Cookies on this website
We use cookies to ensure that we give you the best experience on our website. If you click 'Continue' we'll assume that you are happy to receive all cookies and you won't see this message again. Click 'Find out more' for information on how to change your cookie settings.

BACKGROUND: The ABCD² score improves stratification of patients with transient ischaemic attack by early stroke risk. We aimed to develop two new versions of the score: one that was based on preclinical information and one that was based on imaging and other secondary care assessments. METHODS: We analysed pooled data from patients with clinically defined transient ischaemic attack who were investigated while in secondary care. Items that contribute to the ABCD² score (age, blood pressure, clinical weakness, duration, and diabetes), other clinical variables, carotid stenosis, and abnormal acute diffusion-weighted imaging (DWI) were recorded and were included in multivariate logistic regression analysis of stroke occurrence at early time intervals after onset of transient ischaemic attack. Scores based on the findings of this analysis were validated in patients with transient ischaemic attack from two independent population-based cohorts. FINDINGS: 3886 patients were included in the study: 2654 in the derivation sample and 1232 in the validation sample. We derived the ABCD³ score (range 0-9 points) by assigning 2 points for dual transient ischaemic attack (an earlier transient ischaemic attack within 7 days of the index event). C statistics (which indicate discrimination better than chance at >0·5) for the ABCD³ score were 0·78 at 2 days, 0·80 at 7 days, 0·79 at 28 days, and 0·77 at 90 days, compared with C statistics for the ABCD² score of 0·71 at 2 days (p=0·083), 0·71 at 7 days (p=0·012), 0·71 at 28 days (p=0·021), and 0·69 at 90 days (p=0·018). We included stenosis of at least 50% on carotid imaging (2 points) and abnormal DWI (2 points) in the ABCD³-imaging (ABCD³-I) score (0-13 points). C statistics for the ABCD³-I score were 0·90 at 2 days (compared with ABCD² score p=0·035), 0·92 at 7 days (p=0·001), 0·85 at 28 days (p=0·028), and 0·79 at 90 days (p=0·073). The 90-day net reclassification improvement compared with ABCD² was 29·1% for ABCD³ (p=0·0003) and 39·4% for ABCD³-I (p=0·034). In the validation sample, the ABCD³ and ABCD³-I scores predicted early stroke at 7, 28, and 90 days. However, discrimination and net reclassification of patients with early stroke were similar with ABCD³ compared with ABCD². INTERPRETATION: The ABCD³-I score can improve risk stratification after transient ischaemic attack in secondary care settings. However, use of ABCD³ cannot be recommended without further validation. FUNDING: Health Research Board of Ireland, Irish Heart Foundation, and Irish National Lottery.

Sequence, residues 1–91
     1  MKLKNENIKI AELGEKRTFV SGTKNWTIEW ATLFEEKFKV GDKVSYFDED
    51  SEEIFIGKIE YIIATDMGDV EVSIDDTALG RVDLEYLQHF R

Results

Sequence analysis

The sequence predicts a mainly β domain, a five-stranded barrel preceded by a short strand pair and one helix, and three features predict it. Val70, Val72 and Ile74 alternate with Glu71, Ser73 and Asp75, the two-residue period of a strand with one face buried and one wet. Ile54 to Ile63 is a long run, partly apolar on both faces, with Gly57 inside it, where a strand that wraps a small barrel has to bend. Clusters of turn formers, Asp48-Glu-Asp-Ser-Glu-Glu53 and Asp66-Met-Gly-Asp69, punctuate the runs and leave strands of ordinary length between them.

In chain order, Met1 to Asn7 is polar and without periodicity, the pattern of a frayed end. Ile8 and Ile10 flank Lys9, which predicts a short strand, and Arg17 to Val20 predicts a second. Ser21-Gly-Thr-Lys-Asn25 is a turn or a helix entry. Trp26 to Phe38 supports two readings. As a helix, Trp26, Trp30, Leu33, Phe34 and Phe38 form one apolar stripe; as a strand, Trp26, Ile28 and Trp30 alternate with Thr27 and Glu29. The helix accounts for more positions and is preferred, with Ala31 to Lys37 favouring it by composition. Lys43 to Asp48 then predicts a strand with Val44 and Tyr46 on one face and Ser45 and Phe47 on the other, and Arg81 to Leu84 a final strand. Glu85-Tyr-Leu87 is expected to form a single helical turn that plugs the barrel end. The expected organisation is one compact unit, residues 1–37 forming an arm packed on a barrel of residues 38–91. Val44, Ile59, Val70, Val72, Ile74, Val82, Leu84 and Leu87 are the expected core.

Original publication

DOI

10.1016/S1474-4422(10)70240-4

Type

Journal article

Journal

Lancet Neurol

Publication Date

11/2010

Volume

9

Pages

1060 - 1069

Keywords

Age Factors, Aged, Blood Pressure, Brain, Carotid Stenosis, Diabetes Mellitus, Diffusion Magnetic Resonance Imaging, Female, Follow-Up Studies, Humans, Hypertension, Internationality, Ischemic Attack, Transient, Male, Middle Aged, Review Literature as Topic, Risk Factors, Severity of Illness Index, Stroke, Time Factors